This week on home video, we’ve again got a wide variety of choices for you discriminating movie lovers out there. The highest profile films are comprised of the latest Jackass antics, a Paul Haggis thriller with Russell Crowe and Elizabeth Banks, and a news satire featuring Rachel McAdams, Harrison Ford, and Diane Keaton. Then, we’ve got a rollicking satire of Islamic terrorism (you read that right) from the UK, a couple of Asian imports, two critically acclaimed documentaries from 2010, and the latest volume of Mystery Science Theater 3000. So read on and see if there’s anything worth picking up for you.

Jackass 3-D


The Jackass 3D experience this editor had was in D-Box, a theater seat technology that makes it possible for viewers to be kicked around in sync with Steve-O as he goes hurtling through the air in a full port-o-john. The grandeur of it all was even too much to blog about (I’ve tried), so the DVD release of this film can only ever seem like a postcard reminder of a great vacation — but perhaps it can be more to you. You know what the worst part of the experience was? The drunkenness, a hobby more safely practiced in chairs that don’t kick you around; this would seem a big benefit of at-home viewing. Also, the rewind features. One could watch Steve-O get kicked by that donkey a thousand times and still want more. Additionally, the Blu-Ray features offer dubbing in three languages that aren’t English. Those are the makings of a big night in, if you ask us.

Morning Glory


With a cast that includes Rachel McAdams, Harrison Ford, Diane Keaton, and Jeff Goldblum, a relatively solid director in Roger Michell (six of his eight films are Fresh), and a timely subject (news sensationalism), one would be inclined to think Morning Glory would be pretty successful. Unfortunately, critics were merely lukewarm on the movie, giving it a middling 54% on the Tomatometer. The story revolves around a young TV news producer (McAdams) who is fired and reluctantly takes a job with a struggling morning news show, where she dukes it out with a curmudgeonly anchor (Ford) and his combative co-host (Keaton). Though the film bears some resemblance to the James L. Brooks classic Broadcast News, and the cast is, in fact, worth watching, Morning Glory ultimately falls flat because its tone is inconsistent and its storyline too familiar. For better or worse, it’s available on DVD and Blu-Ray this week.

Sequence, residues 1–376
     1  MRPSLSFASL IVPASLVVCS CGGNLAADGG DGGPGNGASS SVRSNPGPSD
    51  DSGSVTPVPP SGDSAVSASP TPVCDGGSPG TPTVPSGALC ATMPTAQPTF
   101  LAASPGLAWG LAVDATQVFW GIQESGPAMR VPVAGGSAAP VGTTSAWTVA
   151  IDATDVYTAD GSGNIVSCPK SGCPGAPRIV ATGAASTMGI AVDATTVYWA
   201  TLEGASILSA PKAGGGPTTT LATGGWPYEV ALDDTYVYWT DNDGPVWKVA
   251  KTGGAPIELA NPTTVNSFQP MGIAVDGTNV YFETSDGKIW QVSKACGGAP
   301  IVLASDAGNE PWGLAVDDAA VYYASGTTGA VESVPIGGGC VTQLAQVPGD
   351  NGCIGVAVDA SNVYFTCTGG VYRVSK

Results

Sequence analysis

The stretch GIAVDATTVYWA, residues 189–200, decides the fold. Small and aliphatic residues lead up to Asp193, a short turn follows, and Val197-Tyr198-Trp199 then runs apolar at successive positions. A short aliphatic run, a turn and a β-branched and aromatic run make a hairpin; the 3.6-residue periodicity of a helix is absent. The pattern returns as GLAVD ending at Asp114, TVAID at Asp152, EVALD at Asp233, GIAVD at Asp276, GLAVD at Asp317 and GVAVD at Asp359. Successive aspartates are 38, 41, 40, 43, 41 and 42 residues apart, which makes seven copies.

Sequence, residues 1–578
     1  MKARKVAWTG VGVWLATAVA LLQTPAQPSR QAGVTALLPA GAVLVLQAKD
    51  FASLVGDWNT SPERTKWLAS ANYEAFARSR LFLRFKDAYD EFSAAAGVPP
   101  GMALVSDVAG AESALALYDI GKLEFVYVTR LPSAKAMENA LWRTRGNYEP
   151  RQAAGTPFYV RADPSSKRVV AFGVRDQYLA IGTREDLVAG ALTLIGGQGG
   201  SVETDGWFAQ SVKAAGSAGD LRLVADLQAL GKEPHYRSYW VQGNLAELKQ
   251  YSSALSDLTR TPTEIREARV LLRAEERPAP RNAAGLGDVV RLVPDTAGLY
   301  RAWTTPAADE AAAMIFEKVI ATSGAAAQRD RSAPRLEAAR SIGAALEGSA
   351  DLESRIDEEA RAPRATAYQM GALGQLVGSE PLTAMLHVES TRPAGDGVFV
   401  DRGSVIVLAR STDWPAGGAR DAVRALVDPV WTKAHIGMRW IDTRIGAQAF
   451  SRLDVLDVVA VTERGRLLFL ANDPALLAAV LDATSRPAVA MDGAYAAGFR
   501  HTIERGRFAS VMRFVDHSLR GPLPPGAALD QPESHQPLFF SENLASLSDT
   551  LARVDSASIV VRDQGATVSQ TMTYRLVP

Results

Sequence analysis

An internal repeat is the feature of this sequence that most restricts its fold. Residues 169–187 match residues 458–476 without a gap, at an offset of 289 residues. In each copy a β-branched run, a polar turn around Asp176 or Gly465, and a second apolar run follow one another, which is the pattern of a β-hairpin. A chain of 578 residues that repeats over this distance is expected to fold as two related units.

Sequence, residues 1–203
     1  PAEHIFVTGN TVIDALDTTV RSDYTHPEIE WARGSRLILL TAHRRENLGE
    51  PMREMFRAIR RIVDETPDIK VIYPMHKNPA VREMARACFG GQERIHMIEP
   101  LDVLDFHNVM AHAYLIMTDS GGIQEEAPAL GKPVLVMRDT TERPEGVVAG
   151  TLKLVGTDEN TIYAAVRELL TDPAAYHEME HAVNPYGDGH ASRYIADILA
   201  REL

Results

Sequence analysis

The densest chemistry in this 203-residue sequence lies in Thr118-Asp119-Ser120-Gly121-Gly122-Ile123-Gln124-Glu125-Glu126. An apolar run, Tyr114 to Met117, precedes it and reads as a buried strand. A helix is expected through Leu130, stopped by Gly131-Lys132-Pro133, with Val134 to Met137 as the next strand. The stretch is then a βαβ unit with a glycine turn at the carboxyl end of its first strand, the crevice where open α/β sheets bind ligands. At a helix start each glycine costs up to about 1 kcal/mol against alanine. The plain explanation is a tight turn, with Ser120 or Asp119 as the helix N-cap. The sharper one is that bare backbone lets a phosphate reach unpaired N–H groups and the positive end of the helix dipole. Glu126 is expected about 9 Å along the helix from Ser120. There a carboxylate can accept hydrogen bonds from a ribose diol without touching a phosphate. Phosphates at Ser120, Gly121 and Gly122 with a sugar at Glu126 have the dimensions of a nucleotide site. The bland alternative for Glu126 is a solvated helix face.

Inside Job


The 2011 Best Documentary Oscar winner, Inside Job is a sleek, infuriating, and meticulously detailed examination of the current economic crisis. Director Charles Ferguson interviews (and sometimes interrogates) politicians, bank managers, economists, and others who predicted the financial crash ? or had a hand in it. It might sound like a snooze, but Inside Job is beautifully photographed, convincingly argued (thanks in part to Matt Damon’s assured narration), and briskly edited; it would also be absurdly funny if it weren’t so infuriating. If you’re in the mood for additional outrage, he DVD features even more interviews, as well as a commentary track with Ferguson and producer Audrey Marrs and a short making-of doc.

The Next Three Days


Despite the fact that 2004’s Crash has become one of the more hotly debated Best Picture winners in recent memory, Paul Haggis’s track record for films he?s both written and directed (which, frankly, only includes Crash and In the Valley of Elah) is relatively good. Enter The Next Three Days, a thriller starring Russell Crowe and Elizabeth Banks about a woman (Banks) who’s accused of a murder she says she didn’t commit, and her husband’s (Crowe) efforts both to prove her innocence and, ultimately, to break her out of jail. Unfortunately for Haggis, the film didn’t resonate so well with critics, who felt that, despite the best efforts of its two star leads, Three Days lacked both a consistent pace and a believable plot. Currently at 50% on the Tomatometer, this could work for you if you don’t mind suspending your disbelief for a bit, and you’re a fan of Crowe or Banks.

A Film Unfinished